4. Somewhere in France: A Novel of The Great War by Jennifer Robson

I think that this novel may have been recommended to me by Amazon after I finished The American Lady.  I have been reading a lot of books that are historical fiction.  I guess I like them, lol.  I liked this book and was excited to read it.  I did read through it rather quickly, but I must admit that I didn’t get as caught up in the love story as I think I was supposed to.  Also, when I was just about finished with the book there was a note that the central characters story continued in a second book and then there were a few more chapters with a secondary character.  I thought that was a bit odd.  I thought about buying the next book, but I’m not so sure that I loved this book that much, you know what I mean?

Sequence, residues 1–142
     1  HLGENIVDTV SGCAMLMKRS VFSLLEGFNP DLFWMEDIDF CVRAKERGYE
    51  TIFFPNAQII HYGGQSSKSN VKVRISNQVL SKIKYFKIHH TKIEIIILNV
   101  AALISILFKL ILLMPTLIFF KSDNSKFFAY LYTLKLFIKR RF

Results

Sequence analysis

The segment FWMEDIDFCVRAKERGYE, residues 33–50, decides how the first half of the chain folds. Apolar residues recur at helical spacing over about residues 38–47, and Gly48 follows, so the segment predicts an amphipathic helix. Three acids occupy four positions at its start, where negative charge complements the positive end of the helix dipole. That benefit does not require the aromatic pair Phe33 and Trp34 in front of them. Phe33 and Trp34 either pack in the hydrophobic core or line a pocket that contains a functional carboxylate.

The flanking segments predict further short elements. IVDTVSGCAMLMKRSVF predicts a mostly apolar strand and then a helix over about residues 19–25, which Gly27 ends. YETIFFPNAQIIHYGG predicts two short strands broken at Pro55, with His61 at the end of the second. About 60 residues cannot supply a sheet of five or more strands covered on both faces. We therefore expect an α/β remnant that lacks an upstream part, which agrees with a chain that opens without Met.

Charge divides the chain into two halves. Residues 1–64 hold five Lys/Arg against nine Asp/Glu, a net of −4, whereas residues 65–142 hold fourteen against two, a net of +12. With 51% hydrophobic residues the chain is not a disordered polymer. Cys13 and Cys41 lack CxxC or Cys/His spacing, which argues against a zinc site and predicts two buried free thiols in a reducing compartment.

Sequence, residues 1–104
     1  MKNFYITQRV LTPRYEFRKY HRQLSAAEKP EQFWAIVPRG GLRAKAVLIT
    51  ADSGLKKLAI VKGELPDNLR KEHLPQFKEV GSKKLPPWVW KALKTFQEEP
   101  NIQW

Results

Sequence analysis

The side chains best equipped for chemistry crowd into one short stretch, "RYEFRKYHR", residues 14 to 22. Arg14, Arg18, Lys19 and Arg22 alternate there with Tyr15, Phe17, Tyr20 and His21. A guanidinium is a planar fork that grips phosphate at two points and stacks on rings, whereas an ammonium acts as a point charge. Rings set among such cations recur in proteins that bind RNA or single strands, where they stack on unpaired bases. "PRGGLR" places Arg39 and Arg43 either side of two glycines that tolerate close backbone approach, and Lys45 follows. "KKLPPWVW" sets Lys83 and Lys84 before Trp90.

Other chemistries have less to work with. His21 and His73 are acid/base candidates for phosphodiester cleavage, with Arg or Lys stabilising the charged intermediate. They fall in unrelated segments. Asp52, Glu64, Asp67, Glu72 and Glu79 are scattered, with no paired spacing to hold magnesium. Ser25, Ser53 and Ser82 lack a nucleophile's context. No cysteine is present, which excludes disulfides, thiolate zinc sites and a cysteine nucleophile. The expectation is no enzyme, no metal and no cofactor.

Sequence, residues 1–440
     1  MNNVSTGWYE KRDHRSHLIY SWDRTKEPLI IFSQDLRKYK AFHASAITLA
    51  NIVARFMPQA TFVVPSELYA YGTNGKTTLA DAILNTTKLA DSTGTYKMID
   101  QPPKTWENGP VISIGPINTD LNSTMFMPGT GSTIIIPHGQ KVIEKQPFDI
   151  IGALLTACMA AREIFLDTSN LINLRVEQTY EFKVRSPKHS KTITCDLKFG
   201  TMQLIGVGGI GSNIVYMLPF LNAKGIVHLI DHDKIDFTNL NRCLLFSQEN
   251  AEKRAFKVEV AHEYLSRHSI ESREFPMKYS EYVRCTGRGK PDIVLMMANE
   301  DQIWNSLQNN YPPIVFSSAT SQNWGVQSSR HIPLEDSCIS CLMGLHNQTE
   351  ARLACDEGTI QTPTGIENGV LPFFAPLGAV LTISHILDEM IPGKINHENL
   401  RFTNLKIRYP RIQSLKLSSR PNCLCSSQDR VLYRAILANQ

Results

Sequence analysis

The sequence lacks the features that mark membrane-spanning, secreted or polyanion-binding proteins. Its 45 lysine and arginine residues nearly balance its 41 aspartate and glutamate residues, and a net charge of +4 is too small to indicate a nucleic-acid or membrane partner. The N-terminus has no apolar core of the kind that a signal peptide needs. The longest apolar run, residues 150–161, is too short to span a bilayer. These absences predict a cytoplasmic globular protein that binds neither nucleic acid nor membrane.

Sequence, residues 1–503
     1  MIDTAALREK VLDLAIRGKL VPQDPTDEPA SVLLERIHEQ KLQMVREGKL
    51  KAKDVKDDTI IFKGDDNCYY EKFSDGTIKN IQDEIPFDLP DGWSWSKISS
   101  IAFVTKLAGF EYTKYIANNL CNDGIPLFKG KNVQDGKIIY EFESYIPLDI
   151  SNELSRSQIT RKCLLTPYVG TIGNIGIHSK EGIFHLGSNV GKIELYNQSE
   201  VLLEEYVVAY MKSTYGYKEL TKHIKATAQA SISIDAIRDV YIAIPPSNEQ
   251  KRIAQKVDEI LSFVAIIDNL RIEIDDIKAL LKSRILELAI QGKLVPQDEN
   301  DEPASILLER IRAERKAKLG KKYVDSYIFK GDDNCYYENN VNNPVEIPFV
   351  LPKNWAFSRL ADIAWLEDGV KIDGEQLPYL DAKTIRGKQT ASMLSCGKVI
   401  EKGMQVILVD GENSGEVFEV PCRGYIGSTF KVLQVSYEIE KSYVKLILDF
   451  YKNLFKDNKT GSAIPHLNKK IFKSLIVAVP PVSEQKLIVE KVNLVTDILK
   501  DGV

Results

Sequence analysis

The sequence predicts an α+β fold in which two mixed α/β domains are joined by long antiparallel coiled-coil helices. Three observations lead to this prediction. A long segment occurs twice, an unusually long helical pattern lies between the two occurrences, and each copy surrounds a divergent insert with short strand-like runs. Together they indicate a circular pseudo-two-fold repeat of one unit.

If you like historical fiction and you are looking for something that is a quick read I would recommend this book.  Even though it is about war, this does seem like a good book to read at the pool.  3/5 stars

APRIL 2015

3. The American Lady by Petra Durst-Benning

This book is part of a trilogy.  I didn’t know this when I purchased it for my Kindle.  This is the 2nd book in the trilogy.  The first book is title, The Glassblower and the last book in the trilogy is titled The Paradise of Glass and scheduled for release in September 2015.  I would certainly read the 3rd book.  This was a good book.  You start out following one character and then when her aunt, Marie, arrives you start to follow her.  By the last third of the book you are following the original character again.

Because I’ve read the 2nd book I don’t feel inclined to go back and read the first book, but I would recommend that you start at the beginning.  I think that this book had enough story and plot to stand on its own and not feel like I am missing something by starting in the middle.  In this book we meet Wanda, the daughter of one of the 3 Steinmann sisters.  This book tells the tale of how Wanda and Marie’s paths meet and the parallelism that can be drawn.  I don’t want to give too much away, but I would say this is a 3.75/5 stars.